Time-travel. Wine. The first one is the dream of science-fiction films. Back to the Future, well we are now through that film future and still, my skateboard has wheels.

Wine. Can it be a vehicle for time travel?

Well, I never thought so, until a radio broadcast on BBC Radio 4, Hugh Johnson was talking about the time, in 1961, when he was invited to be part of a group tasting of a 1540 Steinwein.

As he clearly described the tasting of this wine, over 50 years ago, as clearly as if it was yesterday, it dawned on me time travel was possible; by wine.

Coming back in time

The grapes that produced that wine were picked 421 years prior to being tasted. At that tasting, everything that had happened in the year when the grapes grew, all the events and interactions that created the wine in the barrel and in the bottle, everything was passed onto the tasters. They tasted 1540.

Michelangelo was working in Rome, Henry VIII was King in England, Francis Drake was born and Parmigianino died.

1540, the year Europe had the best year ever for wine production. Especially in Germany. At the time the taste was for sweet wines, the sweeter the better.

Everything about that year was designed for sweet wine production, there were even reports of a second harvest as the vines didn’t go dormant.

It was all about sweet wine in 1540


Now there are claims to dispute this wines age due to topping up, and other wines claiming the oldest status, but that’s not quite the point for the time traveller.

When that bottle was tasted the drinkers were ‘transported’ to that summer.

Everything that occurred in 1540 vintage was passed on to them, in an instant.

All five senses were in direct contact to 1540. That has to be considered time travel.

To a lesser extent then we travel back in time when we open the bottle of wine to the year of its vintage. The older the wine the further we travel.

It could be done with long packaged food, but the possibility of corruption, and poisoning, would put off most people trying it, but wine? At very worst it will have died and be undrinkable.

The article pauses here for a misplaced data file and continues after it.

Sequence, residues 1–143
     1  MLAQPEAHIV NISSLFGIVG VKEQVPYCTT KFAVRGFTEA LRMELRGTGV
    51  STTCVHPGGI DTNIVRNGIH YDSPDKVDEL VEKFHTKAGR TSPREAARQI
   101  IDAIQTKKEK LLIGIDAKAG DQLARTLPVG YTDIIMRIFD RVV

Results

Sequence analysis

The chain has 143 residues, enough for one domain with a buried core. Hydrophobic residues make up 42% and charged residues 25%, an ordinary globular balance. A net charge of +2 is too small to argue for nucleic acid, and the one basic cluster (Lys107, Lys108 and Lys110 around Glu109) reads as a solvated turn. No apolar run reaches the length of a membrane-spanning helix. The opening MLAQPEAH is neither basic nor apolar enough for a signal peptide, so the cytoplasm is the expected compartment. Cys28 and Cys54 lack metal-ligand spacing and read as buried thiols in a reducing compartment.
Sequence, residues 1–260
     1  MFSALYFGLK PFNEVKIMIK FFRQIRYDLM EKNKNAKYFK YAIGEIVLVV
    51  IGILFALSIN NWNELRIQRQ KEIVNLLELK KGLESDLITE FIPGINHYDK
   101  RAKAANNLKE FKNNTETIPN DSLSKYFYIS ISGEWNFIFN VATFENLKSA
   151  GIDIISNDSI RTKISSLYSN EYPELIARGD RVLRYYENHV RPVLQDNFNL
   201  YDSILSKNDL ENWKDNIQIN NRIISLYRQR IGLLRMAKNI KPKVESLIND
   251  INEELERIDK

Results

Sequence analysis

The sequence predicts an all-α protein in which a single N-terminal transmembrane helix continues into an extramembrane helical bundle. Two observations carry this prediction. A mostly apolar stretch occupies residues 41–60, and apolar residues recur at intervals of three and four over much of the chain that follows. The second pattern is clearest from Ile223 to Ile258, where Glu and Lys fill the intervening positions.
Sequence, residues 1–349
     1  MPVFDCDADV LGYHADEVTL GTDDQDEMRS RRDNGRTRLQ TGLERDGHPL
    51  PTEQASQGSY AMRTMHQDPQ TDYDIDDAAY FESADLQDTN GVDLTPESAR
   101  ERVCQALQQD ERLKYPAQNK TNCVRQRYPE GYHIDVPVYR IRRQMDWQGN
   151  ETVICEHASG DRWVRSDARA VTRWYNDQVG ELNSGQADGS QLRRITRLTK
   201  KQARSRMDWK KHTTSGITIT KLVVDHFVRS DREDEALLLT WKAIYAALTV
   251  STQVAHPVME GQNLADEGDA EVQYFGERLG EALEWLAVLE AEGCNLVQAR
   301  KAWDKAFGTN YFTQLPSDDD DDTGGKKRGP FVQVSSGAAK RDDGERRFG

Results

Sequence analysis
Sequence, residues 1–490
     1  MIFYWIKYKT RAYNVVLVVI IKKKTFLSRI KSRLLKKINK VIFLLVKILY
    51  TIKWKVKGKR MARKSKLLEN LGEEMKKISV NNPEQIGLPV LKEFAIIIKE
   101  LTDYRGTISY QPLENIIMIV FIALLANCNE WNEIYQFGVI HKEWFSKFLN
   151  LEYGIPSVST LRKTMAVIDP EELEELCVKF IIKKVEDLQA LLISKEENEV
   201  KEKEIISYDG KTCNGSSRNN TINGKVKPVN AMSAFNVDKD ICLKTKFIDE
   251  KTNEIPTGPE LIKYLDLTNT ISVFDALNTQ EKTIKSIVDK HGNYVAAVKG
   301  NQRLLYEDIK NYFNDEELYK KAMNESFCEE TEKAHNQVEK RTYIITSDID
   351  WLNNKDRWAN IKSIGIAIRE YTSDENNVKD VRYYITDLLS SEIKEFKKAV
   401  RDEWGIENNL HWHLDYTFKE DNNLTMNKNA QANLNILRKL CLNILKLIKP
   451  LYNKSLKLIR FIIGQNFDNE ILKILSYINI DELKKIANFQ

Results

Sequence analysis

Link to the past

The opening of a vintage bottle of wine is a link to the past, all five senses involved in the experience.

Hear the opening, smell the bouquet, see the liquid released, genie-like, feel the sensation in the mouth and savour the taste.

If all five sense are involved in experiencing something, then it’s real and if that experience is from the past, that’s time travel.

We have been transported back to the year of vintage and the wine has been flux-capacitor’d to the future.

Then as I mused my bubble got burst by someone pointing out that this ‘time-travel’ notion happened every time coal, or other fossil fuels is burned with the gasses being released from times even longer ago.

I had to admit that all five senses are involved……but….

Your trip capsule: the explosion of senses

Think about the wine traveling forward instead. Natural resources aren’t purposefully created by human hands.

The wine was created by human activity and deliberately packaged for transportation.

Some went to different places, but some went to different centuries. The bottle is the time machine for the wine. Sent forward in time by people of the past to be enjoyed by people of the future.

A message in a bottle. Sent to ‘us’ from ‘them’. That’s time travel in my opinion. The wine brings its message to another time and another place.

It had never before dawned on me before, the time-travel aspect of wine. I like the idea. There is no other way to get back there, and like a broken time machine, when the last bottle is gone the chance to travel back is gone forever too.

So, next time an old vintage bottle is opened, or less aged if you can’t handle huge journeys back in time, just think of it as a time-travelling experience as well as a wine tasting.


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